I appreciate the GPS – and the one that we had was not complicated and much easier to use than the map.  But I have used street maps before.  I must admit that I have texted messages – but it annoys me to go through each letter at a time – I’d much rather have a keyboard.  I do own a cell phone but started out dialing a rotary. 



I haven’t been on roller blades – but I know what they are.  I also remember the old time roller skate that fit over the shoe.  I owned several pairs of shoes with marks left from the roller skate that I used to glide around in my parents’ unfinished basement.



I’m actually too young to remember the car seat that my parents used vs. the ones that are out today.  Mine hung over the seat – front seat.  Mine was yellow.  It did not have the cool steering wheel feature built into it.  There was no car seat law that I know of.  Often the cars themselves didn’t come with safety belts for the driver – let alone the passengers.



I remember black and white television and a very limited amount of channels selection.  I remember life without Sesame Street and Sesame Street without Elmo.  In fact, I remember the original cast featured only four human beings.  And I remember three different Gordons. I can remember that Sesame Street did not explain Mr. Hooper’s death until a year after the fact.





I remember the world before computers made their way into just about every home.  I remember the ancient television sized monitors unlike the flat screens of today. I remember the manual typewriter and the cool features of the new electric ones.  



I remember cameras that required film.

I do like this “Forever Young” reality show that introduces “bridging the gap” and demonstrating that we really can learn from one another regardless of age.

Tuesday, November 6, 2012

I’ve Been Forced to say Good-bye


          Saying good-bye is not always a bad thing.  Especially when it only invites clutter and chaos. In 1985 I was on my mission.  It was my second Christmas in the mission field and my family decided to send me a tape and king size card with greetings from various friends and neighbors from my home ward. 







          A 22X25 poster paper was purchased and folded in half.  My family decorated the front with pictures which represented my personality – a picture of Baloo and Mowgli from Jungle Book (I love Disney’s animated version of that show) Ziggy, a picture of ceramic nativity set, trees and flower in bloom, dance shoes, real mountains (Utah mountains,   not the hills of Virginia where I served) the Salt Lake Temple, dolls, golden plates, scripture  paintings  , and musical icons.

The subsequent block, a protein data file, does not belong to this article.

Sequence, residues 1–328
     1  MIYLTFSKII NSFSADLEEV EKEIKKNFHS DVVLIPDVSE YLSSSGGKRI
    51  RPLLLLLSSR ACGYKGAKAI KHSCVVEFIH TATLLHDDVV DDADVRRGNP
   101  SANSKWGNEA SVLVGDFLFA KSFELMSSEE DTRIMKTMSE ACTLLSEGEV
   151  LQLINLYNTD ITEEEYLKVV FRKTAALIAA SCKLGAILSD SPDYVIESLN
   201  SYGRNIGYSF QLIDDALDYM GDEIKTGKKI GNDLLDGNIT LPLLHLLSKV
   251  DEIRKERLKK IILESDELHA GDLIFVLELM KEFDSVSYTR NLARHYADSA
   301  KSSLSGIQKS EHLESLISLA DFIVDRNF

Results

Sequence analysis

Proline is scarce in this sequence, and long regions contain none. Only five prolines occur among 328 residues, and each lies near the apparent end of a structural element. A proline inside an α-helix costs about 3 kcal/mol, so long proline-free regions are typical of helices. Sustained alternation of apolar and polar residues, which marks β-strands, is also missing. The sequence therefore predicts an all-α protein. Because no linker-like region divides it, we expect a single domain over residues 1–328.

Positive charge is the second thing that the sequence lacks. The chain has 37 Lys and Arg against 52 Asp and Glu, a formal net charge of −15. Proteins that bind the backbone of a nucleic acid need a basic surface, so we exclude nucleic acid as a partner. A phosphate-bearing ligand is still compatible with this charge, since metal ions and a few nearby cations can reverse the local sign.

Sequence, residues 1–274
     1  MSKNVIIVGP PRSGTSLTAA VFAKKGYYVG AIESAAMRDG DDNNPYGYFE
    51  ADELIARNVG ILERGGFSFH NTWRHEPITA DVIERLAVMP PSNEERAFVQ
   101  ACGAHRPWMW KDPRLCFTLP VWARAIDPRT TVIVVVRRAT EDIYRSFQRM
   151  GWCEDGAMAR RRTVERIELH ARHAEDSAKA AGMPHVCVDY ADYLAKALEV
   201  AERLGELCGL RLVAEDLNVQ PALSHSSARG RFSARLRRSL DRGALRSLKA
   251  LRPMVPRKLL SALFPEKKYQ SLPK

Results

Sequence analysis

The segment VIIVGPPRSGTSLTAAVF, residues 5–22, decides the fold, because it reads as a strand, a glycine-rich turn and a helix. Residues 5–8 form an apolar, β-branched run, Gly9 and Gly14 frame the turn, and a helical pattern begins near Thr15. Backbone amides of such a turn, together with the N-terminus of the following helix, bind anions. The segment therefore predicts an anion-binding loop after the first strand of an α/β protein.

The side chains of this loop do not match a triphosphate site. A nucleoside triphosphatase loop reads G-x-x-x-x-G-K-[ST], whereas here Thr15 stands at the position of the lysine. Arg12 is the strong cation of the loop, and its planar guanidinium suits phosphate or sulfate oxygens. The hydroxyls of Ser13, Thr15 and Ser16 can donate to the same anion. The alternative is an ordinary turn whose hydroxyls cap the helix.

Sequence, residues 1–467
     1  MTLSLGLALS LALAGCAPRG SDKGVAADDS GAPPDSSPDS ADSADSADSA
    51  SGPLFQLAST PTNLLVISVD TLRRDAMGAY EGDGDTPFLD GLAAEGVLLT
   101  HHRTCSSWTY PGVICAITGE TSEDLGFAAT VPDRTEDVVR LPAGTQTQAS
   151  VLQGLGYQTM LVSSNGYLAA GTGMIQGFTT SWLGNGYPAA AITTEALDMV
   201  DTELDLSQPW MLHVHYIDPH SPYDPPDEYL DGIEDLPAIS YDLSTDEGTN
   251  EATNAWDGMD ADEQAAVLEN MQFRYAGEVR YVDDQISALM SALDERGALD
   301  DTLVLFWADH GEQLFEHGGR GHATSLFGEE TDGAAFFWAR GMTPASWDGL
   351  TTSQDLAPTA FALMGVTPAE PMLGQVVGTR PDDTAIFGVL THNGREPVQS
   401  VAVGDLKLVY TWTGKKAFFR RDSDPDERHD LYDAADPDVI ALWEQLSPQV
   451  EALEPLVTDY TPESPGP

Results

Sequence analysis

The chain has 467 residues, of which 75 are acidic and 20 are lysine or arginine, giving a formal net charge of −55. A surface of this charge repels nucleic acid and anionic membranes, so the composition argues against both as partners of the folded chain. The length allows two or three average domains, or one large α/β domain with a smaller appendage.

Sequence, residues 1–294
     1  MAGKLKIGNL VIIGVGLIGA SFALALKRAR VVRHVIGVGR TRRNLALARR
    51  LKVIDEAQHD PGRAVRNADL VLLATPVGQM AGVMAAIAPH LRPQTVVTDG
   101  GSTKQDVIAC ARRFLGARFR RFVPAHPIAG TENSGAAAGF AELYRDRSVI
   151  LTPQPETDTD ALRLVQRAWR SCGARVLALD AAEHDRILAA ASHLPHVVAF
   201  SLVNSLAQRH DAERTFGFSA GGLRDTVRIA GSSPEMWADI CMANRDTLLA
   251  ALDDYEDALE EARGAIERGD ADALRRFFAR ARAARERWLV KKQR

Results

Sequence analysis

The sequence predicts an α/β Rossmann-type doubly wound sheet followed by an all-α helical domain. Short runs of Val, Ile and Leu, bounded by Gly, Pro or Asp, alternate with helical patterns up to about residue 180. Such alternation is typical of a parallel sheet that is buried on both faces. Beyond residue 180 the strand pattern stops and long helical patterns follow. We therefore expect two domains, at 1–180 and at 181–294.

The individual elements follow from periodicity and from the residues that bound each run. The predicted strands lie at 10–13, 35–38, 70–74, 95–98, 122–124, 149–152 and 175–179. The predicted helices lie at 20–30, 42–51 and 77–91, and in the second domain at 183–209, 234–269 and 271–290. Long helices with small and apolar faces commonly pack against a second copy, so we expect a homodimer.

In addition to all the magazine cut-outs were two actual photographs.  One was of me with my missionary name tag and the other was a recent family gathering that I would guess Corey had taken (as he was not in it) which included my dad’s mother, brother, sister and their families – or parts of them anyway (my uncle’s oldest two are also missing from the photo)

My 11X14 card contained signatures from so many – it was an honor that my family had gone around with the tape recorder to so many of my ward family.  I think they must have gotten all of them with one devise or the other.  Some would sign my card from self and spouse – and then I would find spouses signature elsewhere on the card.  Some would just sign names without a greeting.  Most were just typical Christmas greetings – but there were some that added personal comments.  Surprisingly, I still remember everybody who had signed the card.

Corey had placed on the back:  “When you care enough to send something better than a Hallmark” and “the Best Homemade Card Company around” – it still makes me smile – and really, it doesn’t take up that much room.  But it’s been bent, torn in places, and some of the pictures have faded.  I don’t really NEED it.  Time to say good-bye.

I don’t know where the tape is.  I have several shoe boxes full of cassette tapes.  Most I will end up throwing away – or use them for recording things I would like right now. I think most tapes contain something that I want – but certainly not all of it.